With cheaper soundbars with a separate subwoofer you often have pounding basses from the corner and only higher frequencies from the soundbar, so something seems to be missing. The higher quality of the speakers and the good DSP adjustment also ensure a (relatively) open sound. This gives enough room for dialogues to sound full, while incidental sound effects also remain audible as separate sounds. So you can really consider the Mu-so 2 to be an excellent soundbar – although someone who is only looking for a TV sound solution will frown on the price tag. It is clear that the Mu-so makes more sense if you view it as a total solution for music and TV.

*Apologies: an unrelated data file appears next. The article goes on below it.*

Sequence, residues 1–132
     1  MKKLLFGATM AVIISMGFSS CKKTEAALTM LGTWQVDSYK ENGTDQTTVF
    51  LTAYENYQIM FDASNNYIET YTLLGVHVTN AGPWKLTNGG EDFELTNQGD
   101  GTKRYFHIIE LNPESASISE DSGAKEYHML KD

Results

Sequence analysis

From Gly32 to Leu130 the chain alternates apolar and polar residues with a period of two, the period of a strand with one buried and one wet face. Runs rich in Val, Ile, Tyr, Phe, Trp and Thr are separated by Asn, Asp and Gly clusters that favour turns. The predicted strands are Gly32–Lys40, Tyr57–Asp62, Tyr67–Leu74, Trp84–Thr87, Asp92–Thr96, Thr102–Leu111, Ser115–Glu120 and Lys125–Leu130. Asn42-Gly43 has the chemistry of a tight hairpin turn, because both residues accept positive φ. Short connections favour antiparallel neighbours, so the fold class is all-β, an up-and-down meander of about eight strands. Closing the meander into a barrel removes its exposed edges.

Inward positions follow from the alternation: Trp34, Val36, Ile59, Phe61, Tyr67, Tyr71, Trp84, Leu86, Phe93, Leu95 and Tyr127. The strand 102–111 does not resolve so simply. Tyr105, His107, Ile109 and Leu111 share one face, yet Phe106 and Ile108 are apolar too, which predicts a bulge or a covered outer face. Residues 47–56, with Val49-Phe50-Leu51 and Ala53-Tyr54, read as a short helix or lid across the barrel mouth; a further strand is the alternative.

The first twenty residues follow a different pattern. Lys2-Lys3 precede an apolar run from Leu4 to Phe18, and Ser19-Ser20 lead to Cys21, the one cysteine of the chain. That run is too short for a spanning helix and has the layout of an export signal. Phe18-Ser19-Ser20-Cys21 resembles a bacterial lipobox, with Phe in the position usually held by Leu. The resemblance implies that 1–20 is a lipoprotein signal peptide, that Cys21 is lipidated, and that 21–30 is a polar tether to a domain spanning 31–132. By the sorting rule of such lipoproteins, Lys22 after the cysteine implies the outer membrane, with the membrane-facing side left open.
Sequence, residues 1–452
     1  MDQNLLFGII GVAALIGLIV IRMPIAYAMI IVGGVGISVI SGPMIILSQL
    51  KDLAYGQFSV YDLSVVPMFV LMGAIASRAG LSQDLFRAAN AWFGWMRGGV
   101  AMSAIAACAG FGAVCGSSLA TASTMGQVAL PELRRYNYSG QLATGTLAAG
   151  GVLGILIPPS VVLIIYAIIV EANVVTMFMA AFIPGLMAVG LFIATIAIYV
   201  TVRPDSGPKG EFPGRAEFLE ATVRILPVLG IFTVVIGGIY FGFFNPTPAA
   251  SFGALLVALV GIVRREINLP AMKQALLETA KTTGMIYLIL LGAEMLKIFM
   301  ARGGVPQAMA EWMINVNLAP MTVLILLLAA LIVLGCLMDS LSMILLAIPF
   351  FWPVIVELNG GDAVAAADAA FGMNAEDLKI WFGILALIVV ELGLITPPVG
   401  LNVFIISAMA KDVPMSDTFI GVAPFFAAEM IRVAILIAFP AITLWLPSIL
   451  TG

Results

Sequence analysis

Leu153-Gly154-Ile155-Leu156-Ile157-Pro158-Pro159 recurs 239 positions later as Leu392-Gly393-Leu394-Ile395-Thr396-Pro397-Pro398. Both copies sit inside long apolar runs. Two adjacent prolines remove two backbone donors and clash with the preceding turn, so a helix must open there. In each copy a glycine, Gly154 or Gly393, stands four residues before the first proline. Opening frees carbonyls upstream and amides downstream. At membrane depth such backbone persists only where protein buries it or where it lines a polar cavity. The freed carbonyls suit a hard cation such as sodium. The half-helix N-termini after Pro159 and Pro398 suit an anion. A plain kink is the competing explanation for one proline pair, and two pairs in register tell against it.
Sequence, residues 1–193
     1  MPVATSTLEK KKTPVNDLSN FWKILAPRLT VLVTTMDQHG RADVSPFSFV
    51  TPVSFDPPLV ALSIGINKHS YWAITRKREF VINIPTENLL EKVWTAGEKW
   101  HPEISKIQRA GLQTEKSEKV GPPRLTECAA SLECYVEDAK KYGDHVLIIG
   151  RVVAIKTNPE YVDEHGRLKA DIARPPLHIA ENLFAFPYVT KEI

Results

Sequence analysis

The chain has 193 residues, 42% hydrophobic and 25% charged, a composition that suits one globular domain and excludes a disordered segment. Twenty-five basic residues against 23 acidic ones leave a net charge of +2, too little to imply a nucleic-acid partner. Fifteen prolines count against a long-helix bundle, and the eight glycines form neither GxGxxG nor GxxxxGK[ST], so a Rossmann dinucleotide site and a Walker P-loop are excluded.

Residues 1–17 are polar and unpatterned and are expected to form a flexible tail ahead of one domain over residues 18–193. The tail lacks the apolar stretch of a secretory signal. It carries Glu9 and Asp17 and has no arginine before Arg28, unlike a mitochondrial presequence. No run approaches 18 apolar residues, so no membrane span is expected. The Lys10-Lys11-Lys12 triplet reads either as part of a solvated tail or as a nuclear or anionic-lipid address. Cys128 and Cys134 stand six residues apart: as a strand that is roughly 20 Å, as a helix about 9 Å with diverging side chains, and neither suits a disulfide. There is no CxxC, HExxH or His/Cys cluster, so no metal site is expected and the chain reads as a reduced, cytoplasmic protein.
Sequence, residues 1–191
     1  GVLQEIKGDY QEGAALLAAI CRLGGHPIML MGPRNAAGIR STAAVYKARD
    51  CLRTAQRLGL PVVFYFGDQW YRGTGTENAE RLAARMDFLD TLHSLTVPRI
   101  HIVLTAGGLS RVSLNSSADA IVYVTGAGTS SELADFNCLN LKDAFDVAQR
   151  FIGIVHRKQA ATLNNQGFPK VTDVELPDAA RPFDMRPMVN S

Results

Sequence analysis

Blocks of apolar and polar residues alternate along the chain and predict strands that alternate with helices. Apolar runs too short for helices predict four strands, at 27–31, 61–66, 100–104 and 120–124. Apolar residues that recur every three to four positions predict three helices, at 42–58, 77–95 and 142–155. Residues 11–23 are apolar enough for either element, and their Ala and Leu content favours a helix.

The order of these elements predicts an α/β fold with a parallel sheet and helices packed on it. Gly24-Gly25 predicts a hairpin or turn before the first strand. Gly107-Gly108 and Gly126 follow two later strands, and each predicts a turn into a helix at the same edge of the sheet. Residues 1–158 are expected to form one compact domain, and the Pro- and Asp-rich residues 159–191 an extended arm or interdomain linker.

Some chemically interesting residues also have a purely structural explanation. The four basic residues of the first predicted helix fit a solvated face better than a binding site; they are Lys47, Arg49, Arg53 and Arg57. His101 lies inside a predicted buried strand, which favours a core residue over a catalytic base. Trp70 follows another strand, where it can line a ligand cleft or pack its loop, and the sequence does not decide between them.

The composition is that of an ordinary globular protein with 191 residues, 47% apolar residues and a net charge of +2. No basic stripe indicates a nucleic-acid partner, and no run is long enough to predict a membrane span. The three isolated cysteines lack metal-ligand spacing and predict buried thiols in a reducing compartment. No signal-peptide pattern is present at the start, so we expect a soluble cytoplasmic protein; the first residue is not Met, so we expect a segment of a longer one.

Of course, you cannot escape the all-in-one box limitations associated with a wireless speaker. For a large stereo reproduction you simply have to go to two separate speakers. That being said, the Mu-so Generation 2 is just for people looking for an all-in-one solution. The Naim remains a high flyer in that playing field. If we place the new Mu-so next to the Sonos Play: 5 (Gen.2), we experience a clear upgrade in terms of sound quality. The broader shape of the Mu-so provides a wider, room-filling reproduction than the single Sonos speaker, which, for example, does justice to the grand, intimate nature of ‘Exit Music (for a Film)’. Even if the rest of the band jumps in and Yorke raises his voice, the Mu-so Generation 2 retains its open, dynamic display. In this comparison, we are not talking about design and build quality, areas where the Naim is in our opinion anyway higher than Sonos – but of course personal taste plays a role.